(Robert Davis) — Members of the Nevada Assembly set the stage for police reform to be a hot-button issue during the 2021 session on Monday.
The Committee on Judiciary met with representatives from the Second and Eighth Judicial District Courts, the Las Vegas Metropolitan Police Department (LVMPD), and Nevada Sheriffs’ and Chiefs’ Association.
Lawmakers largely focused on police training and records management within LVMPD. In contrast, the department said past reforms are already doing the trick.
During the last legislative session, lawmakers passed Senate Bill 287, legislation that made it cheaper and easier for the public to obtain and view public documents. However, Assemblywoman Shondra Summers-Armstrong, D–Las Vegas, says it still takes too long, costs too much, and it’s still too complicated for the public to obtain body camera footage.
Chuck Callaway, director of LVMPD’s lobbying division, described the bill as “robust” and said it forced the department to create a Public Records Division to focus solely on providing records. A records requestor can also view body camera footage at a local police department.
Callaway said releasing body camera footage is predicated on the department’s ability to quickly redact video clips. He added the department also receives a large number of requests from lawyers asking for footage of car accidents, which clogs the system.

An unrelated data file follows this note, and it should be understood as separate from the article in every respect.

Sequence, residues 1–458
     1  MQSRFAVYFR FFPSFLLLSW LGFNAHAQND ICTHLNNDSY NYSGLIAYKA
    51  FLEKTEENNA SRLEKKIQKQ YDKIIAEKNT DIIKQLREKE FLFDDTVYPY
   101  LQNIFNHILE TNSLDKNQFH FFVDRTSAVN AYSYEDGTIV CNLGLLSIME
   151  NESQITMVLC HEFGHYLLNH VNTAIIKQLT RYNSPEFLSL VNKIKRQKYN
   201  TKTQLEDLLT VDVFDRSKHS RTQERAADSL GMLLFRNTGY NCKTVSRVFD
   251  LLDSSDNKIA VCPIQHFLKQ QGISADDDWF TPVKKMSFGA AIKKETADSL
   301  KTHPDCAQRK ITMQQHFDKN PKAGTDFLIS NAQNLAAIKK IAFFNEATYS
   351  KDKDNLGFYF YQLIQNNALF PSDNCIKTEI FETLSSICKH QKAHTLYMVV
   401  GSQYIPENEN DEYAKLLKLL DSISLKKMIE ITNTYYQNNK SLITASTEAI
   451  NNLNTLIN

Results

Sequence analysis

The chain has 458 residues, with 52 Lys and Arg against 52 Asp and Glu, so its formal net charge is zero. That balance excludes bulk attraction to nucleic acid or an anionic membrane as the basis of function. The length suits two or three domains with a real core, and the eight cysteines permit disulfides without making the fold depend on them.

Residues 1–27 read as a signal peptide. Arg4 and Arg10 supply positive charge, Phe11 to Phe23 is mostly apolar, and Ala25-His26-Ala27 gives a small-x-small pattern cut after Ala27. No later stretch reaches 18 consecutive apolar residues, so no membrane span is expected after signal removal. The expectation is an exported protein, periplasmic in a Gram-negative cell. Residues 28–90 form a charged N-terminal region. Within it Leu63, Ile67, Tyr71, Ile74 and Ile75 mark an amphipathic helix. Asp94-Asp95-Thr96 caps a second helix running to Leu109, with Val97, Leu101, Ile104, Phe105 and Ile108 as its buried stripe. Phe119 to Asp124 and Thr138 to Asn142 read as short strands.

“The laws and technology we have requires us to go through the film frame by frame and redact anything of a privacy nature. Obviously, that’s time consuming,” he said.
Lawmakers also took umbrage with LVMPD using a privately-funded training facility for its officers. Callaway said budgetary constraints wrought by the COVID-19 pandemic made it necessary.
“We could not fund a facility like this through the normal budget process,” Callaway said. “Especially, with the budgetary constraints placed on us by COVID-19.”
LVMPD cut nearly $20 million from its 2020-2021 budget because of the pandemic, Callaway added. This caused the department to eliminate part-time positions and mounted patrol units that often attend special events.
Others focused on LVMPD’s use of force policies. Assemblywoman Cecelia Gonzalez, D–Las Vegas, asked how the department is tracking protesters after the George Floyd protests last summer that left over 80 LVMPD officers injured.
LVMD began its reform process in 2011 after a series of investigations by the Las Vegas Review-Journal depicted that the police force had run amuck. Following the reports, LVMPD received 75 recommendations for reform.
Implemented reforms include establishing the Office of Internal Oversight and Constitutional Policing, which is responsible for “[providing] a continual review process for all issues surrounding the use of deadly force by police officers,” according to the agency’s website.